The key about evidence is to get the best evidence you can from the scene of the motorcycle accident.
Camera phones are excellent but download the photos. I was recently in court on a road surface accident case where a witness had the presence of mind to photograph loose gravel, but then her phone got stolen, before the photos were downloaded.
Also, don’t be reluctant to get the police to show up at the scene of the motorcycle accident. Their reports are far from perfect but people tend to speak honestly to the police about what they saw.
Be nice to the eyewitnesses. Most are sympathetic to injured bikers (so long as you don’t go ballistic at the scene of the accident) and they are much more likely to help us. We work very hard to get eyewitnesses to give a statement but I really don’t recommend you get witness statements yourself. There are fairly relaxed rules about witness statements but taking them is a skill. Also your witnesses need to say what they saw at the accident scene, not just what you want them to say. A witness statement that is clearly biased carries no weight with a Judge. It is also very easy to destroy in cross examination. Also if the witness statement contradicts the police statement the Judges will always start off preferring what was said to the police before the lawyers got their hands on to it. I still enjoy the moments in cross examination of a defence witness (and it has happened quite a few times) when the witness says “The solicitor told me to say that” and my personal favourite, by a lovely witness down in Devon who said at trial “I did not sign the witness statement because the insurer would not let me put what I wanted. The motorcyclist did nothing wrong and the defendant reversed into him round a blind corner. I didn’t sign it because it is not what I saw but what they wanted me to say.”” Even the Judge couldn’t resist smiling, and I almost felt sorry for the poor barrister against me, but not too sorry. The moral is be honest, because the truth will come out.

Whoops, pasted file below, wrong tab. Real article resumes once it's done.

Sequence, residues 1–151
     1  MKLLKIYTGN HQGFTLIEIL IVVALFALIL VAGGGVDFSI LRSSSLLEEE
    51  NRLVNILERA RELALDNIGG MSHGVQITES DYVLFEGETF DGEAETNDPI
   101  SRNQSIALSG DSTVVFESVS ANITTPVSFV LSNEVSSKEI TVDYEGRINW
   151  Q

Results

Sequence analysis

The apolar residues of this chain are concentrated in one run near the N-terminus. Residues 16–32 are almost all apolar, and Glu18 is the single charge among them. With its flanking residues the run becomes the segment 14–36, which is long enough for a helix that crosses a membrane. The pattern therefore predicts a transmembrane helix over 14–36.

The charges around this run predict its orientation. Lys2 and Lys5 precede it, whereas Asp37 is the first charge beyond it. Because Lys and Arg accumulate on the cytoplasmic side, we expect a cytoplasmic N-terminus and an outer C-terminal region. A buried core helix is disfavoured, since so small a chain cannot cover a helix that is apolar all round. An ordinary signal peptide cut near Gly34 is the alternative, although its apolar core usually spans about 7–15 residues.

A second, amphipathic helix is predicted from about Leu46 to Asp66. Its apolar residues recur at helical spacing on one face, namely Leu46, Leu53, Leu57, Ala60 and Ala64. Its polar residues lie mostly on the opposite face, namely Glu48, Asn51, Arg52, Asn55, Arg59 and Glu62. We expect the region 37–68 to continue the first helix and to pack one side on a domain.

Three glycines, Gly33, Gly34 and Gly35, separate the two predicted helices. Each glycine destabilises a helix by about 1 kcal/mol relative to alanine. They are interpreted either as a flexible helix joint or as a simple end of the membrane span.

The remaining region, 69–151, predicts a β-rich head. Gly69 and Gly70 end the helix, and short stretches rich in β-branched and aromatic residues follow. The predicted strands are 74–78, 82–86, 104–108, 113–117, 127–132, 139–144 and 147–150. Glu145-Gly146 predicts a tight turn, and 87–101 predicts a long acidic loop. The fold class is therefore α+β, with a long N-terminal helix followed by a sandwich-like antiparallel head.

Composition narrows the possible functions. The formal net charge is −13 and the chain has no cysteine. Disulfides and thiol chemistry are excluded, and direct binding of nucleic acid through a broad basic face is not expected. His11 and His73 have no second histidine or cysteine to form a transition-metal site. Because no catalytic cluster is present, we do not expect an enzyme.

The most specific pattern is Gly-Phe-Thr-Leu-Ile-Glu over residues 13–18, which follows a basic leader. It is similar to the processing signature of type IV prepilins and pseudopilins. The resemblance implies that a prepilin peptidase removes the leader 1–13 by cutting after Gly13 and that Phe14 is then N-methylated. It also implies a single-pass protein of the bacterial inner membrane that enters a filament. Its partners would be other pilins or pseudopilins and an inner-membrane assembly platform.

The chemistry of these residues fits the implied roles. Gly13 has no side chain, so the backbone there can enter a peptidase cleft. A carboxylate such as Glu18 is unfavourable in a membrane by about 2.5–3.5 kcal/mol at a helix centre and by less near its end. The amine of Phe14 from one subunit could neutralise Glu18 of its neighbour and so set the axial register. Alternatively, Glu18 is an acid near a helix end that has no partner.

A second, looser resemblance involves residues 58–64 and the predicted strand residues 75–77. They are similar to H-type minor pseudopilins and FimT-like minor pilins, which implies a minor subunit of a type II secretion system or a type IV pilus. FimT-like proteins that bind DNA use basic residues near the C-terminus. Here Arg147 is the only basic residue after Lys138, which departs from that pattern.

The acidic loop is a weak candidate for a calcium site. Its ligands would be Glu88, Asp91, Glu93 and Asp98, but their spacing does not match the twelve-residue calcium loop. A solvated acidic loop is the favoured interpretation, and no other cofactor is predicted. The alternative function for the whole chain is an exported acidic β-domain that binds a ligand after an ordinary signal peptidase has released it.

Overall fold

If this is of help, maybe you should print it off, put it in a freezer bag and stick it in your bikes tool roll or your bike jacket. Hopefully you will never need it but if you do you have just seriously increased the odds in your favour if you have a less than straightforward motorcycle accident claim.
Motorcycle Accident Claim – Checklist
Exchange Information – Number plates, driving licence and insurance companies
Call the Police
Take Photos – Accident scene, road layout, road surface, other vehicles
Take a sample of the road surface if you came off on gravel or similar
Solicitor Advocate & Barrister
Law Society Personal Injury Panel.
Senior Partner White Dalton Motorcycle Solicitors
Disclaimer: The legal advice and statements contained within this/these articles is correct at the time of printing. If you are seeking legal advice after a motorbike accident please contact us to speak directly with one of our lawyers.
Andrew Dalton is a highly experienced trial lawyer who delights in taking on difficult and demanding motorcycle cases. He has a tough and relentless litigation style and is utterly focused on getting the best possible outcomes for his clients.